The Artist´s Granddaughter with the Governess in the Wannsee Garden

Max Liebermann

La nieta del artista con su niñera en el jardín del Wannsee

Liebermann, Max

Berlín, 1847 - 1935

The Artist´s Granddaughter with the Governess in the Wannsee Garden, 1923

© Colección Carmen Thyssen-Bornemisza

Signed & dated lower left: ''M. Liebermann 1923''.
Carmen Thyssen-Bornemisza Collection
Location: Thyssen-Bornemisza National Museum, Madrid

Oil on canvas

75,7 x 100 cm

CTB.1993.6

Artwork history

  • Graphisches Kabinett, Bremen

  • Private collection, since 1920

  • Sotheby’s Auctions, London, lot 44, June 22, 1993.

  • Carmen Thyssen-Bornemisza Collection

1996 - 1997

From Zurbaran to Picasso. Masterpieces from the Collection of Carmen Thyssen-Bornemisza, Shanghai, Shanghai Museum; Pekín, China National Art Gallery, p. 146

2001

Impressionismi in Europa. Non solo Francia, Brescia, Palazzo Martinengo, n. 28, p. 173

2010

Impressionist Gardens, Edimburgo, National Gallery of Scotland, n. 94, pp. 136 (lám.), 172

2010 - 2011

Jardines impresionistas, Madrid, Museo Thyssen-Bornemisza - Fundación Caja Madrid, n. 88, p. 247, lám.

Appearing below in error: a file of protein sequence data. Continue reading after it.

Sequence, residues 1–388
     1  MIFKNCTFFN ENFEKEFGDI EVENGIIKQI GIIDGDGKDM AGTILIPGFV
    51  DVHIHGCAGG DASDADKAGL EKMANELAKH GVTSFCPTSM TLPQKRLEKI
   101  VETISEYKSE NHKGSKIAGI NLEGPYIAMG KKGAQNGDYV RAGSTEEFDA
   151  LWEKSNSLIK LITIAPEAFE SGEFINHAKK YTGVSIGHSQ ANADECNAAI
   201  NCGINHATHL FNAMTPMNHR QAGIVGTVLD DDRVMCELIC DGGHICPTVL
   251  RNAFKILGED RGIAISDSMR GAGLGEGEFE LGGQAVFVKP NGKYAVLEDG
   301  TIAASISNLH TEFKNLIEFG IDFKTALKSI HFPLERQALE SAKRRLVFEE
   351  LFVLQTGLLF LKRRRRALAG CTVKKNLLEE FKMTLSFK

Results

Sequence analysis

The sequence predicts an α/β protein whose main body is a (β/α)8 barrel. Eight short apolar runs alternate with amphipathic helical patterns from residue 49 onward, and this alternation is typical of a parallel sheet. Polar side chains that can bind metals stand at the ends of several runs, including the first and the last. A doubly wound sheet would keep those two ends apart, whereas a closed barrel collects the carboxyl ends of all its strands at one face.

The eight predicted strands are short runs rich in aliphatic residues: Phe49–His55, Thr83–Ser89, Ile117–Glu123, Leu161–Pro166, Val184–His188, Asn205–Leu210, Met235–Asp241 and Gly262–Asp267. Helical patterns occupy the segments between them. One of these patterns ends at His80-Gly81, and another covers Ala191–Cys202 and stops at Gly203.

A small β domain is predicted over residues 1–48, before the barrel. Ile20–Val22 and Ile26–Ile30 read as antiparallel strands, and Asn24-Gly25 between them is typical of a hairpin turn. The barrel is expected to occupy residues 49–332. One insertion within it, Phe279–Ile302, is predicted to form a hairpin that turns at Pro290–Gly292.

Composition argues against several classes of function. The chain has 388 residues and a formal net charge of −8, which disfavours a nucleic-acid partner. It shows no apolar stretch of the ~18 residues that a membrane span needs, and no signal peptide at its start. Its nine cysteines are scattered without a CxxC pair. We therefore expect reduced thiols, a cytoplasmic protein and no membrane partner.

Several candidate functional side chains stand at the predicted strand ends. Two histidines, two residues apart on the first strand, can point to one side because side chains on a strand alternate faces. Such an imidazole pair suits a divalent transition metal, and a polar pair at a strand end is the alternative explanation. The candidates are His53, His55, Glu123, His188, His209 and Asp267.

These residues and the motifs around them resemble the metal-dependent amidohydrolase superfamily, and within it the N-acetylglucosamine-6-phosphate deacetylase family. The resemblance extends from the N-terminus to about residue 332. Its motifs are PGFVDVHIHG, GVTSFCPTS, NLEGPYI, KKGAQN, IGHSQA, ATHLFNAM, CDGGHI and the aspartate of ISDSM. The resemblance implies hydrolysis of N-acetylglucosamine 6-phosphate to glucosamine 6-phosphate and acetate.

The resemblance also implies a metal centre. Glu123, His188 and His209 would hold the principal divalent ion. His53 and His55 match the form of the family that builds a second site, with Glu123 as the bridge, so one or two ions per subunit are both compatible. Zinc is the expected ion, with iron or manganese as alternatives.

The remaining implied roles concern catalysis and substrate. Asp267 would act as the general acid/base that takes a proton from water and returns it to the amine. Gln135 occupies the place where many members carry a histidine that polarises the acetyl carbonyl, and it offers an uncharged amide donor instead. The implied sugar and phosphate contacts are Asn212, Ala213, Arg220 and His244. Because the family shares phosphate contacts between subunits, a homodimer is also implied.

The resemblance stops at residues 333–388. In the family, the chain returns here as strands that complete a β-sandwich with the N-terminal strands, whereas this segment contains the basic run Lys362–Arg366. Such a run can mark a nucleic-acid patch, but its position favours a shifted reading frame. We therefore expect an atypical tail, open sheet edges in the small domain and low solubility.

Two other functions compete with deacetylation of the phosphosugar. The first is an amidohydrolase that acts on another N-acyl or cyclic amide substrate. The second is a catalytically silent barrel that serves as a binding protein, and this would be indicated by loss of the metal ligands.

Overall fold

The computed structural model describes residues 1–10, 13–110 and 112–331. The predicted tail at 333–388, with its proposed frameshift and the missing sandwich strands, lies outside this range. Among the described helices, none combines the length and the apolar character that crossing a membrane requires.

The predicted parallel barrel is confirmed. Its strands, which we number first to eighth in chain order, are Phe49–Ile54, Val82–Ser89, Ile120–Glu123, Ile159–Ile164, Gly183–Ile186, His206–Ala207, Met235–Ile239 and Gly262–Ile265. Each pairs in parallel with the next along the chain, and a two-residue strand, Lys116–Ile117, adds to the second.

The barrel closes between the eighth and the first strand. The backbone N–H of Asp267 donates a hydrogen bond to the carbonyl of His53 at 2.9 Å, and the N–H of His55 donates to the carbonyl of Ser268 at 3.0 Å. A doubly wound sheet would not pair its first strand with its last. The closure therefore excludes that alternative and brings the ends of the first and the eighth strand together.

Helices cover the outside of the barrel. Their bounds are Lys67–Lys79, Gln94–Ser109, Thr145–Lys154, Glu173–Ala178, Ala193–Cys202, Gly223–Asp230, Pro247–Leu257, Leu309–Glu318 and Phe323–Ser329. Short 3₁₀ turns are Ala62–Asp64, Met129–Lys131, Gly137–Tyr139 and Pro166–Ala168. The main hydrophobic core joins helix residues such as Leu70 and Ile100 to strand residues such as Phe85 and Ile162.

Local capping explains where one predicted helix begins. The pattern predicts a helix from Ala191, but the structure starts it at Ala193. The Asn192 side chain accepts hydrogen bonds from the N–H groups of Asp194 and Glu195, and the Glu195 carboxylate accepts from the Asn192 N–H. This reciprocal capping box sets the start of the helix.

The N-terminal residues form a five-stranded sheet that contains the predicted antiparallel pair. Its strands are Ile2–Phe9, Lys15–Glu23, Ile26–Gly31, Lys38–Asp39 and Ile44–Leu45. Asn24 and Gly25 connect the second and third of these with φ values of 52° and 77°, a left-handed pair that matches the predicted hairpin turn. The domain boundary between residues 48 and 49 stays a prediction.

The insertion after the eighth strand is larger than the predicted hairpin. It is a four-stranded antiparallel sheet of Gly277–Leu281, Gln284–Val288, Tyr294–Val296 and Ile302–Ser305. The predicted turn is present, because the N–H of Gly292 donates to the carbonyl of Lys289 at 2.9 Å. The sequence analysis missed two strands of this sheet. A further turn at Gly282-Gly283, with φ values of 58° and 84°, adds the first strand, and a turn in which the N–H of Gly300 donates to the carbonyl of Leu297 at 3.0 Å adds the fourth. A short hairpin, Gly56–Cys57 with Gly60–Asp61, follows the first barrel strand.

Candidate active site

2013

Sisley, Kandinsky, Hopper. Col·lecció Carmen Thyssen, Sant Feliu de Guíxols, Espai Carmen Thyssen, p. 90, lám. p. 91

2016

Painting the moderm garden. Monet to Matisse. The Cleveland Museum of Arts, Royal Academy of Arts, London, Cat. 37, p. 158.

2020

Paraísos. Impresionismo europeo y americano. Colección Carmen-Thyssen Bornemisza. Fundación Bancaja, Centro Cultural Bancaja, Valencia. p. 80-81.

  • -Sotheby’s: Impressionist and modern paintings, drawings and sculpture, part I. [Auction Cat.]. London, June 22, 1993 , p. 57, lám.

  • -Eberle, M.: Liebermann: Werkverzeichnis der Gemälde und Ölstudien. Munich, 1995, vol. 2, n. 1923/37.

  • -Colección Carmen Thyssen-Bornemisza. Arnaldo, Javier (ed.). 2 vols. Madrid, Fundación Colección Thyssen-Bornemisza, 2004, vol. 2, p. 336, lám. p. 337 [Sheet by Angelika Wesenberg]

  • -Willsdon, Clare A. P.: Impressionist Gardens [Exhib. Cat.]. Edimburgo, National Galleries of Scotland, 2010 , n. 94, pp. 136 (lám.), 172.